It was not a moment before 11.08 hrs of play that Gamertroll started to enjoy DA. Theeeeen it got boring again, back to the bloody plod. It was not until 18-20hrs that a compulsion to return to the game really took hold. It was around this time that all Gamertroll's obsessive but hitherto seemingly pointless object farming and agent coordination began to bear fruit. Suddenly a myriad of areas became available for exploration, useful crafted objects were easily achievable due to amassed inventories.

The moment you realise how big DA is, it hits you like a brick wall. It. is. 


Once you accept this vast scope, you can begin to more effectively focus on the activities you enjoy at the expense of those that you couldn't care less for. For Gamertroll liberation came with the implementation of a self-made narrative of casual and selfish exploration. A new found commitment to offend every encountered character on sight improved matters too.The game was transformed.

Gamertroll loves pretty rocks and Dragon Age
bears a motherlode of them
DA's most significant failing is it's inaccessibility, It's dreary, bewildering and directionless first 10-15 hrs is a needless obstacle for new players to overcome. The sheer volume of lore, stats and menus can promote a total disinterest. It's all so daunting to grasp that many simply feel they can't be bothered, drop the game and move on, never knowing how entertaining the game is going to be. With a little more persistence and application of your precious time, mechanical comprehension and narrative cohesion eventually washes over you and you'll wonder how you could have ever found the game less than totally gripping.

There are those who will love it just as they loved the Mass Effect games, they've already played it most likely. Gamertroll really wants to tell those gamers who weren't going to play this or who bought it and took the disc out, that they should engage with this game. Reopen your mind to Bioware's repetitive efforts. This one will almost certainly reward your interest.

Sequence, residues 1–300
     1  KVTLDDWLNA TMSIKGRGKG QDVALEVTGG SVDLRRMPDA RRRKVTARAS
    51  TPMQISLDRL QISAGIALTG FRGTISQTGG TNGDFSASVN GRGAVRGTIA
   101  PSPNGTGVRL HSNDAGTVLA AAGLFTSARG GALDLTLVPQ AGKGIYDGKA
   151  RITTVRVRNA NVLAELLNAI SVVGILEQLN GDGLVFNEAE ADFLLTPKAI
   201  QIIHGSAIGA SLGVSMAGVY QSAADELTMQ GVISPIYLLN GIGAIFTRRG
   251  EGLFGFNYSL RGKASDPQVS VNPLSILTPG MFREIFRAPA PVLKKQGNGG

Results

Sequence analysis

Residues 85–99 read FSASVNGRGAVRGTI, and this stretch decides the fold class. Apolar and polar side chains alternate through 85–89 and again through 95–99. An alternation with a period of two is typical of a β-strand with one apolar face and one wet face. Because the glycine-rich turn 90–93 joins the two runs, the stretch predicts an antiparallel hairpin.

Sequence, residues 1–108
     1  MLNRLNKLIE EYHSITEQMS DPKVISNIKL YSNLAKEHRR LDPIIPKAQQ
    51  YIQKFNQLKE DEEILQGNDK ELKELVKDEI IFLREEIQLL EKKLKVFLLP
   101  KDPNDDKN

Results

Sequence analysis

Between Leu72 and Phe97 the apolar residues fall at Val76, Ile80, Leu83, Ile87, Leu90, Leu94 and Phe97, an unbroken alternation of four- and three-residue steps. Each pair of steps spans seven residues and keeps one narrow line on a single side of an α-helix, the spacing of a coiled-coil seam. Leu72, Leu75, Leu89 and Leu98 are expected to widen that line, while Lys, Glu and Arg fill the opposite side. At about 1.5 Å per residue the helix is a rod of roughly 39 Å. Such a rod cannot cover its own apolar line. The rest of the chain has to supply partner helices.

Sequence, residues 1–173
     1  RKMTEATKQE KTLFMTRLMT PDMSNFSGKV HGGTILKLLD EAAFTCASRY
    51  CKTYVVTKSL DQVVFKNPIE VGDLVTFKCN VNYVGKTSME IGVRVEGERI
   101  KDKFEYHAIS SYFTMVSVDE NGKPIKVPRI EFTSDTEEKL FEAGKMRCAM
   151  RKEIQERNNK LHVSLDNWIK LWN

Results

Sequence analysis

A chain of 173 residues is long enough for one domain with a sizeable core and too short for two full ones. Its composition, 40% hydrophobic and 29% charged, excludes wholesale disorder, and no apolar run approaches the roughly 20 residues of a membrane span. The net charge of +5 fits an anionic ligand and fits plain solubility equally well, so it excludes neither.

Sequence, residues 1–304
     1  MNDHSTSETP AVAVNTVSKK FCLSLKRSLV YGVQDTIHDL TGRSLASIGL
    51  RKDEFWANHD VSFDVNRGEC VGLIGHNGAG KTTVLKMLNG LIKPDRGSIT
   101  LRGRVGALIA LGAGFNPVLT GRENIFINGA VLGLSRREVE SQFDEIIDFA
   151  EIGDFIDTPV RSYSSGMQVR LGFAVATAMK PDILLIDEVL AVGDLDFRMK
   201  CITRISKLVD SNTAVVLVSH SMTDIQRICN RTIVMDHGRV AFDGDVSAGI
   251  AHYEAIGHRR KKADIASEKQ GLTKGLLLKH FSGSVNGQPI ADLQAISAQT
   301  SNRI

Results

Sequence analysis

Don't go looking for a challenge in the traditional gaming sense, DA is an exercise in the application of time. You will get attached to the plot and Characters, you will get sucked into the narrative and endless object collection: it's all about being open-minded enough to let the game into your life in the first place.

Gamertroll went from immediate dislike to measured disinterest to reaching a final, grudging respect for the game despite reservations.

Choose your main protagonist well.. you'll be staring at them
It's legitimately questionable how much gameplay there really is here. A man with a quarter of a functioning brain could muddle through DA and emerge victorious, but it's the sprawling, epic journey that really seizes you by the lapels. Make the time to play this, it is worth your while. Search for a great game in Dragon Age Inquisition for long enough and you will find one.